Grammar: Compound Word

Posted January 11, 2015 by Kathy Davie in Author Resources, Editing, Grammar Explanations, Self-Editing, Writing

Revised as of 27 June 2017

Compound words are a wide-ranging mishmash of rules covering words, numbers, proper nouns, adjectives, adverbs, directions, titles, and more. There’s also a hodgepodge of positioning and implication.

Writers will have to think as well, lol. I know, I know, more thinking on top of thinking…eek. The rules change depending on if it’s a Wednesday…well, not really. It only seems that way *more laughter*.

Getting serious, whether a compound of words is closed, open, temporary, permanent or other, if you question it, look it up in a dictionary. Use whichever dictionary you are already using as you write or edit.

In general, Chicago Manual of Style says to leave it as an open compound if the dictionary doesn’t tell you to use hyphens or to close it up. Of course, that general rule doesn’t apply when it comes to adjectival or temporary compound words!

Grammar Explanations is…

…an evolving list of the structural rules and principles that determines where words are placed in phrases or sentences as well as how the language is spoken. Sometimes I run across an example that helps explain better or another “also known as”. Heck, there’s always a better way to explain it, so if it makes quicker and/or better sense, I would appreciate suggestions and comments from anyone… Are there areas of grammar with which you struggle? If you’d like to track it, bookmark this page and consider sharing this Grammar Explanation with friends by tweeting it.

Compound Word
Credit to: Chicago Manual of Style, 6.78, 7.83, 7.84, 7.85; Grammarly Handbook: Hyphen With Compound Modifiers
Definition: Compound words may be adjectives, adverbs, or nouns and how they are treated will change with which part of grammar they are and their location within a sentence.

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Rules for:


Also see:

Closed Compound Rule: Spelled as a single word. The current trend is toward closed with CMOS using on line as an example of how it has progressed from on-line to online.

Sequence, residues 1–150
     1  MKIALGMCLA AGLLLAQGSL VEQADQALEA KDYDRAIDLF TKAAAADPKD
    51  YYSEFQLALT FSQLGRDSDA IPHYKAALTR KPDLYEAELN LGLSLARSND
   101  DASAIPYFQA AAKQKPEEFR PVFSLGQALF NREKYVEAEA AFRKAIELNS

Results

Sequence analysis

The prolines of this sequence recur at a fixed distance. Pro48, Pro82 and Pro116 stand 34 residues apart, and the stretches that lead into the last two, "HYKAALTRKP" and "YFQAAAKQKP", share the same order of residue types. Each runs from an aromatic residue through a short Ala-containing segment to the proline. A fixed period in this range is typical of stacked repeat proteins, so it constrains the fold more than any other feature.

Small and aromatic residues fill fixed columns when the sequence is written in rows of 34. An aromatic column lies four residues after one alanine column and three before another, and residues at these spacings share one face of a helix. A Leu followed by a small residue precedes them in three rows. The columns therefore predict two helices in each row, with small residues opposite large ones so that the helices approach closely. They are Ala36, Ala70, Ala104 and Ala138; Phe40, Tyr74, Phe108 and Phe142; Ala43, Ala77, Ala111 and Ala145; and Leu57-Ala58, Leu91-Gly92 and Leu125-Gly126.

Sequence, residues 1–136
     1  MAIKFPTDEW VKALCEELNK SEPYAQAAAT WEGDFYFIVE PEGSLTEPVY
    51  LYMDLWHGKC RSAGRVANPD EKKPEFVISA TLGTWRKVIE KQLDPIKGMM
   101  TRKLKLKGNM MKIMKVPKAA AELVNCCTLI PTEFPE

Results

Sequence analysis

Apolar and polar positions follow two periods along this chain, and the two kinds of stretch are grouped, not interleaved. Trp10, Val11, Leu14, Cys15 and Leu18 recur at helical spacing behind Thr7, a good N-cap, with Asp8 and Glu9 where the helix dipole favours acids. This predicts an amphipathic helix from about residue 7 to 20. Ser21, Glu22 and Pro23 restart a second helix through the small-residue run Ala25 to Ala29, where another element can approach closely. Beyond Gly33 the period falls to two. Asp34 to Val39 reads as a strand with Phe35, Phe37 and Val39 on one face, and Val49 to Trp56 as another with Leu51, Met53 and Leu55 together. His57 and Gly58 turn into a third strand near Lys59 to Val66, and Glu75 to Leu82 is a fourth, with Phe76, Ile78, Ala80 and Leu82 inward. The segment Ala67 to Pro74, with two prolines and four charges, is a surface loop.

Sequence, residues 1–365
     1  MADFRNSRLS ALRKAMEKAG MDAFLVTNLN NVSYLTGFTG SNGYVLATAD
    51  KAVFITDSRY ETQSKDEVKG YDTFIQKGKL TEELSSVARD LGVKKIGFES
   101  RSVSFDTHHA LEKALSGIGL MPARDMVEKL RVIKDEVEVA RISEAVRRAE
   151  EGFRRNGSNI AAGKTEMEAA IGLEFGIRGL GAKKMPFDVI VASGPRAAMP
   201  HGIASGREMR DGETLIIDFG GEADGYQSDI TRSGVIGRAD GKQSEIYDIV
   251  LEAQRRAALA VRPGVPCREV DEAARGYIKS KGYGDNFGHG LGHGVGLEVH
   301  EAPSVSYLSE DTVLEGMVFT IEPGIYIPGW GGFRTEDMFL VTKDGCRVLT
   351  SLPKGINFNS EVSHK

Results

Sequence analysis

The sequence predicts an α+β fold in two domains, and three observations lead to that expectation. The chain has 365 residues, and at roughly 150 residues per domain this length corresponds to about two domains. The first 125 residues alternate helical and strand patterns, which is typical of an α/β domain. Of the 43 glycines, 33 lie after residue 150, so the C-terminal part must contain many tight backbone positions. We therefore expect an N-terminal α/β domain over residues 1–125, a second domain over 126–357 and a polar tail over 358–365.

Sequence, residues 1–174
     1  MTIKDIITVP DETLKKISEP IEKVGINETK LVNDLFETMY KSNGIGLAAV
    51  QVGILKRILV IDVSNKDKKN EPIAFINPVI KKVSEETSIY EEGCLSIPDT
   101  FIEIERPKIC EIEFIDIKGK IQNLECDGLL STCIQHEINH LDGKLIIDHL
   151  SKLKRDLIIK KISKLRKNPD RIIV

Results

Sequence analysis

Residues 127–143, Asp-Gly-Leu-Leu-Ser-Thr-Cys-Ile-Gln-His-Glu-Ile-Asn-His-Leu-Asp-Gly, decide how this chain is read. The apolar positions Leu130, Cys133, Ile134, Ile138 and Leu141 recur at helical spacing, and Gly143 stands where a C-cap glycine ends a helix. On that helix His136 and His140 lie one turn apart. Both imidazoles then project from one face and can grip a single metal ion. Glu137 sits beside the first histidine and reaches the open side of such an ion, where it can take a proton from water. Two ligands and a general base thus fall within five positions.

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birthrate
citywide
online
notebook
stepdaughter
grandmother
stepgrandson
worldwide
Rule: Compass points and directions are closed IF only two directions are combined.

CAUTION: If three directions are combined, a hyphen must be used after the first direction.

northeast
southeast
northwest
southwest
north-northeast
east-southeast
west-northwest
CAUTION: If a from…to is implied, use an en dash.
Phrase The Implied From…To
The street runs east–west. The street runs from east to west.
It’s a north–south race. The race runs from north to south.
Hyphenated Compound Rule: Spelled with one or more hyphens with the intention of making the phrasing more readable and understandable and with two or more words.

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full-time
kilowatt-hour
mass-produced
non-English-speaking
non-achievement-oriented
part-time
Not Hyphenating Compound Words
Leads to Confusion
Compound Word The Implication
fast decision making make a snap judgement
fast decision-making make a decision soon
much needed clothing They’ve got a lot of clothing.
much-needed clothing This clothing is so essential.
an abbreviation: pre-UCS trial
Open Compound Rule: Spelled as two or more words OR using a comparative or superlative adjective that creates a short phrase with a focused meaning.

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Two or More Words Using a Comparative/Superlative
high school better built house
lowest common denominator more likely outcome
Revolutionary War best laid plans
Rule: Chemical terms do not use hyphens.
Sodium hydroxide
Permanent Compounds Rule: One that has been accepted into the general vocabulary and is found in a dictionary. It’s fairly safe to say that anytime a single letter is attached to a word, it’s with a hyphen.

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f-stop
T-shirt
browbeat
e-mail
pre-K
copyeditor
under-the-counter
highlight
waterfall
anti-inflammatory
matter-of-fact
over-the-counter
pre-engineered
Temporary Compounds Rule: A new combination created for some specific, often one-time purpose. CMOS notes that these may eventually be accepted as permanent, but are not normally found in a dictionary.
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impeachment hound (I like this one!)
Compound Modifier Definition: Hyphenate when two or more words in front of a noun act as one idea. Linking them together clarifies which word is playing which role.

A.k.a., Phrasal adjective, one-thought adjective

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Consider What the Reader Will Understand
Two Words How It Affects the Sentence
The American made car. Sounds like someone doesn’t speak English very well.
The American-made car. Instantly explains that this car is made in America.
It’s recommended you not take down any load bearing walls when renovating. Oops, make sure that load over there isn’t holding up a wall.
It’s recommended you not take down any load-bearing walls when renovating. Ohhh, you mean I shouldn’t take down any walls that are holding up a load.
This is a low budget job. So, this is a budget job, and it’s low on the list of jobs to be done?
This is a low-budget job. Ah, it’s a job we’re doing as cheaply as possible.